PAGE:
And I realized, while getting my snack out at the hut, that I didn't put my headlamp back into my pack after pulling it out last night. Oops. At least now I had extra motivation to finish before sunset.
Rainbow had gotten to the hut about 15 minutes before me, and left around 3. I didn't leave the hut until around 3:15, shortly after Papa Monkey made it there. At least we weren't too far apart at this point in the day.
Leaving the hut, I began the climb up Mt. Madison. It was a massive pile of rocks, which actually was kind of fun and interesting to climb up. The rocks were all very rough, and not slippery at all, so I wasn't terribly worried about slipping and falling. The next few hours, climbing up Madison, and then following the top of the mountain ridge down to the treeline, was an exercise in path finding. The trail was marked out by rock cairns (that occasionally at a distance were a little difficult to discern from the rest of the rocks), and you had to find a path from one cairn to the next. Usually, the path was largely evident, but there would often be multiple ways to go (of varying difficulties), and it was very much a choose-your-own-difficulty part of the hike. For the most part, this was not particularly difficult, just very tedious and slow because you could rarely take a full-length stride.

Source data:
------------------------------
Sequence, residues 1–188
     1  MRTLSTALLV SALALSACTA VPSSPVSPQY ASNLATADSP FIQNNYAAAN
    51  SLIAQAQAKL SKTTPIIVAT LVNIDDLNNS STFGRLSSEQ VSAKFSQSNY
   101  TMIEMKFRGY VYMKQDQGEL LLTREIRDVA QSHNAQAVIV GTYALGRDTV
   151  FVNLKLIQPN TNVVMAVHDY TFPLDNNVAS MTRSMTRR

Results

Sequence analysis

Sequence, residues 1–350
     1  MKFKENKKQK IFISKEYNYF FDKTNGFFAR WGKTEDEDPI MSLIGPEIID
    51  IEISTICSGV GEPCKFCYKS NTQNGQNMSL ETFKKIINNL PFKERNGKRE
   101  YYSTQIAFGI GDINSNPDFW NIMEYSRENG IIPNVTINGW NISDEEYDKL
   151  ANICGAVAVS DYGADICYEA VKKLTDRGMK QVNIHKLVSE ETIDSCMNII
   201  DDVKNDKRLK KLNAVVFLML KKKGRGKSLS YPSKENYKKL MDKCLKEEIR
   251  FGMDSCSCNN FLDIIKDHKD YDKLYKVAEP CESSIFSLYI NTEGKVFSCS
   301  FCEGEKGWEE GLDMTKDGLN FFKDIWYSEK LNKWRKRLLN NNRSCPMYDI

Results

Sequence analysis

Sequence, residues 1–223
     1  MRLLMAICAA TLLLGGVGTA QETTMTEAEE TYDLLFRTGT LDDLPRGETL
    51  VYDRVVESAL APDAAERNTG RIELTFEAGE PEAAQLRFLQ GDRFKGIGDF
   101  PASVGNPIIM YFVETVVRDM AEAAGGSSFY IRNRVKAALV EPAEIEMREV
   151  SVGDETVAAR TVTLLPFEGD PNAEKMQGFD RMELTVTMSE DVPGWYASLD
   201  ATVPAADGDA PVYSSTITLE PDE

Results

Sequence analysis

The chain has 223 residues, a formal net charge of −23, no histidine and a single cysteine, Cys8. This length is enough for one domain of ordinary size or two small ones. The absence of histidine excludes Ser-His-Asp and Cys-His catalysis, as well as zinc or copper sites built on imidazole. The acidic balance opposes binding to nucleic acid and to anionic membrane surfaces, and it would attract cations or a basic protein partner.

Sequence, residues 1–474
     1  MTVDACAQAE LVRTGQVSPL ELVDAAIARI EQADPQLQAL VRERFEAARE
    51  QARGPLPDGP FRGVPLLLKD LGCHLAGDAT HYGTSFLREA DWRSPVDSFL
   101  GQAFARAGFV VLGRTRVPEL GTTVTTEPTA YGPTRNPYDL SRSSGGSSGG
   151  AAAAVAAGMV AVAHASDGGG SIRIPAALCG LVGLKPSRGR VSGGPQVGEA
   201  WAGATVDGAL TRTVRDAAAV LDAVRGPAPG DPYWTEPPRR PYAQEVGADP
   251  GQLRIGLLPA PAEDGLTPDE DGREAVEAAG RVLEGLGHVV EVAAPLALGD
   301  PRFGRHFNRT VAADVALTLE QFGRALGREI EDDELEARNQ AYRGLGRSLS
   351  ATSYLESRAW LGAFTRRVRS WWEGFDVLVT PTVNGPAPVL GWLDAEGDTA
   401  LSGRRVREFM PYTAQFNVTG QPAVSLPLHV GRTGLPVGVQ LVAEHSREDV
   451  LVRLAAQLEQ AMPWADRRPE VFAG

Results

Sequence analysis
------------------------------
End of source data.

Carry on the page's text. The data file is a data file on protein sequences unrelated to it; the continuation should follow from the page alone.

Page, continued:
From the top of Mt. Washington until the trail descended below the tree line on the north side of Madison, the trail was fully exposed to the sun. The view was great, but hours fully exposed to the sun took its toll: all three of us wound up with sunburn on our face and arms.
Eventually, though, the trail dropped below the treeline, and while the rocks decreased in number, it was still a steep, rocky climb down the mountain, a race against time since it was now 5 pm with miles left to go, and sunset at 7:41 pm.
I stopped for a second break around 6:15, with just under four miles to go. This killed ten minutes of daylight, but I needed the energy boost. The trail continued to be somewhat rugged for a little while, until it turned onto a different trail that seems to have once been an old road, so there were a few easy sections, especially as the trail got close to the Pinkham Notch visitor center.
While the last 20-25 minutes of hiking required a bit more care as it gradually got darker and harder to see, it wasn't too bad. I finally made it to the parking lot there around 8 pm, a bit after sunset.
Although it was a bit more expensive than we really wanted, we decided to stay at the AMC Highland Center at Crawford Notch. Although we missed dinner, we'd be able to get a good buffet breakfast in the morning, and it put us close to where we need to start hiking from in the morning. Tomorrow's hike is a race against time, of sorts, since we need to make it to the car at the top of Mt. Washington before 6:45, when the auto road closes for exiting traffic.